I screamed so that everybody would hear it. That encouraged another guy to get in with quitting, and within 1 month most of the team had quit, leaving the boss with a risk of lawsuits for prepaid contacts not delivered.
Knowing that piece of shit, he probably recovered and is treating other people badly, but at least every single person from the team experienced the biggest jump in careers straight after that.1
If you as a smoker lost all sense of smell, don't use any perfumes!
Sitting in a train and a dude comes in, and my eyes start tearing up from the most pungent perfume trying to cover cigarette smoke.
For fucks sake!
And generally, in summer, the only acceptable perfume is fucking soap and deodorant stick.
Holy fuck I thought I was about to faint because of suffocation.3
That moment when you get a follow up question days after a talk you have, from someone actually doing the stuff you showed and being good at it...
I've had it with these automatic updates that I didn't ask for, especially when I'm trying to switch my machine off!
How about asking me first if I want that damn update?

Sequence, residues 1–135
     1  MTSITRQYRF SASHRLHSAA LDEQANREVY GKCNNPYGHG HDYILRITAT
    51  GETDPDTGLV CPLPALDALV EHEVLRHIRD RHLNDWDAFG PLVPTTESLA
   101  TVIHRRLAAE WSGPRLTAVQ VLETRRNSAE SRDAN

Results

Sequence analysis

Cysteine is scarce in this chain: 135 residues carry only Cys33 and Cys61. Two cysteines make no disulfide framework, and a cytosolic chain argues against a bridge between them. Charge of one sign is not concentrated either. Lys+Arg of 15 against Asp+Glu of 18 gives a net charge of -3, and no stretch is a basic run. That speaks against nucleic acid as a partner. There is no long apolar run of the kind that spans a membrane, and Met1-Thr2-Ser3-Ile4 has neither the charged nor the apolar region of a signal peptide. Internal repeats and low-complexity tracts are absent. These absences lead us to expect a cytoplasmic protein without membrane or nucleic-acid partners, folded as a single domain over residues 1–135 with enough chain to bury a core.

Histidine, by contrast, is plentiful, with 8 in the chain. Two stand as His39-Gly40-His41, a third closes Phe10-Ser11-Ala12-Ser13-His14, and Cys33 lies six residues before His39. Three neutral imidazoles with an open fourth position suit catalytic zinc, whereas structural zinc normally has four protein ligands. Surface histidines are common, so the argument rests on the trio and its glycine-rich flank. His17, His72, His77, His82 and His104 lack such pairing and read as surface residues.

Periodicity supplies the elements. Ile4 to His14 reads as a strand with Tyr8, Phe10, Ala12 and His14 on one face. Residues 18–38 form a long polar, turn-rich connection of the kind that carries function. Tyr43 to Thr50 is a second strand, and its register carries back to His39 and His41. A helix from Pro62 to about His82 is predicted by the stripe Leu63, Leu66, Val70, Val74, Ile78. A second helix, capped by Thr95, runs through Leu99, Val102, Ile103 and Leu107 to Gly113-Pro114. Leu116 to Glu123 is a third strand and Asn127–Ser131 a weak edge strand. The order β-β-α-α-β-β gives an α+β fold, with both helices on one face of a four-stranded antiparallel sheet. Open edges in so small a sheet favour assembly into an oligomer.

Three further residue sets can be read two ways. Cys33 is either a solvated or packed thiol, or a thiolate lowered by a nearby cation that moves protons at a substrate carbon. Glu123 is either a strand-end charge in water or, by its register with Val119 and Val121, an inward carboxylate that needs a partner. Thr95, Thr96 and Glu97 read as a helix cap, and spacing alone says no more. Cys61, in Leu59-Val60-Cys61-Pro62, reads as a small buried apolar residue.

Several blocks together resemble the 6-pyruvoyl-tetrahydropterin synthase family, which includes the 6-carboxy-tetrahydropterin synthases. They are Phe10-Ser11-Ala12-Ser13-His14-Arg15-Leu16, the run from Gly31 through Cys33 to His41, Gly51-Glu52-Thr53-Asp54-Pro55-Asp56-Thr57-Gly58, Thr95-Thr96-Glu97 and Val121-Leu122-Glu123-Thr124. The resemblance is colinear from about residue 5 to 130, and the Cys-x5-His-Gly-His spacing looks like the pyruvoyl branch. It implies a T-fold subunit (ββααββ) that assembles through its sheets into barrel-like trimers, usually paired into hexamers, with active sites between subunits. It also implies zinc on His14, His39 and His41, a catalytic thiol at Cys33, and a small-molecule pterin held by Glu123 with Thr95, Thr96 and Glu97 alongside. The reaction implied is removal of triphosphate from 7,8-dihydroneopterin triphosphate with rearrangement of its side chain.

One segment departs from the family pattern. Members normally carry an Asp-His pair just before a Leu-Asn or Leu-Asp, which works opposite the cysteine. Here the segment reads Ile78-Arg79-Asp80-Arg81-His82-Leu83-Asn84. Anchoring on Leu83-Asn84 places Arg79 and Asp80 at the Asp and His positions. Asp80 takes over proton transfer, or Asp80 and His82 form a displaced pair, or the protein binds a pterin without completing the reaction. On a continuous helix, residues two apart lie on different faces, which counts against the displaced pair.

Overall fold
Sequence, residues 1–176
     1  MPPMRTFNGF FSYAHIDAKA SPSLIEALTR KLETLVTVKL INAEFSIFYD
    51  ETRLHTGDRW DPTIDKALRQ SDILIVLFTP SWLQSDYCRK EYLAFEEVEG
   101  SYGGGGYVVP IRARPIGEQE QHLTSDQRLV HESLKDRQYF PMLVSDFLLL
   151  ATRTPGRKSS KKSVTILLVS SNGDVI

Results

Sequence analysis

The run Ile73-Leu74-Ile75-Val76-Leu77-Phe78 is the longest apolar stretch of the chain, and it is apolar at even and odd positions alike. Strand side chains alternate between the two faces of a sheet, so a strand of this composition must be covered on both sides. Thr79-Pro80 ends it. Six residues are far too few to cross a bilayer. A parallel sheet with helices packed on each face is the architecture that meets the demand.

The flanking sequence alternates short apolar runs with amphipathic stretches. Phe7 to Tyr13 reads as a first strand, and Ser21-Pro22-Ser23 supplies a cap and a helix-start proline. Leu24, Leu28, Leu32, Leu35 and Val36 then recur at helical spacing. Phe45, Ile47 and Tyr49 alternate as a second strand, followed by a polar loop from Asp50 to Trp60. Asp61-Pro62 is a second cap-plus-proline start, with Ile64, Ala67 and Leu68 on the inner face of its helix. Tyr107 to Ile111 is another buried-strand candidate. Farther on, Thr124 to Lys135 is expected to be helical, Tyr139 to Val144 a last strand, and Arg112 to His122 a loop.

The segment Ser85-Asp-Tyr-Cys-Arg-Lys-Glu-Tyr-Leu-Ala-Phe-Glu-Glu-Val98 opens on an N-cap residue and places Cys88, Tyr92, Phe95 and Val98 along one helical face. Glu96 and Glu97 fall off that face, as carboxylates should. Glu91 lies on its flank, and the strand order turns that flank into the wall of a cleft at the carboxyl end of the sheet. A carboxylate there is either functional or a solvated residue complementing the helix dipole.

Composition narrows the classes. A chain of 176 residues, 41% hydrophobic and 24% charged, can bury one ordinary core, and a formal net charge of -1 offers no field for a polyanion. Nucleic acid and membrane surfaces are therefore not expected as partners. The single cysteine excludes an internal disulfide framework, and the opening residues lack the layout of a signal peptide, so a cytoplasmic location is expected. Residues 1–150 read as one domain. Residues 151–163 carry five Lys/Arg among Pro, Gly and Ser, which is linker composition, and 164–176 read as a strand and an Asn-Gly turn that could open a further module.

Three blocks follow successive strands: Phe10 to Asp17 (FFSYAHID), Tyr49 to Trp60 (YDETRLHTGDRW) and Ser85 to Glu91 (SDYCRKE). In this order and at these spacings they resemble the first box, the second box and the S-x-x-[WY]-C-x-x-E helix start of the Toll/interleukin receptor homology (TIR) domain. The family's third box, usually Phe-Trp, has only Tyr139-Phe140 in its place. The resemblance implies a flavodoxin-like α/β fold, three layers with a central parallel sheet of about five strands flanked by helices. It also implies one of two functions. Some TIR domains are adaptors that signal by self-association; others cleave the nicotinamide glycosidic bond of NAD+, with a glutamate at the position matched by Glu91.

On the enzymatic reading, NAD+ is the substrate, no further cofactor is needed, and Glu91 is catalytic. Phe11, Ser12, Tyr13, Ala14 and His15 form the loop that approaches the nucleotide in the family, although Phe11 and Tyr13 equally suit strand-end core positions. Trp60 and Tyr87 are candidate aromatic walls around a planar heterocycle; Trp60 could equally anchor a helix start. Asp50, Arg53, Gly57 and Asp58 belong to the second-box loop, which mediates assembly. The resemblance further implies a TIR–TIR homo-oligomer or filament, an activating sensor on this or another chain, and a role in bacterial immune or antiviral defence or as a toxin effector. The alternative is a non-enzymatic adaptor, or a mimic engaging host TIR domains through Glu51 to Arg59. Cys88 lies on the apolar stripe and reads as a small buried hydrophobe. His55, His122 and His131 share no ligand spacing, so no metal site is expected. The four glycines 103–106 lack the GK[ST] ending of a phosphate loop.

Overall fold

Why do they have to be shoved down my throat?!
That's it! I'm switching my OS!9
Have you heard the latest news?
I just found out today!
Oracle is planning to acquire OpenOffice and MySQL! What is the world going to! We'll all have to migrate our projects to FirebirdSQL3
Why does almost everyone act as if the world they live in is perfect, or is supposed to be perfect?
This is about approaching IT infrastructures, but goes way beyond IT, into daily lives.
Daniel Kahneman wrote about the "Econs" - a mythical creature that behaves according to rules and rational thoughts, that everybody is guided by, as opposed to Humans, who are irrational, intuitive and emotional.
My beef is with a wider perception, beyond economical analysis, profit, investment and so on.
Organization A uses a 15 year old system that is crappy beyond description, but any recent attempt to replace it have failed. Josh thinks that this is a crappy organization, any problem lies within the replacement of that system, and all resources should be devoted to that. Josh lives in a perfect world - where shit can be replaced, where people don't have to live with crappy systems. Josh is stupid, unless he can replace that old system with something better. Don't be Josh. Adapt to the fucking reality, unless you have the power to change it.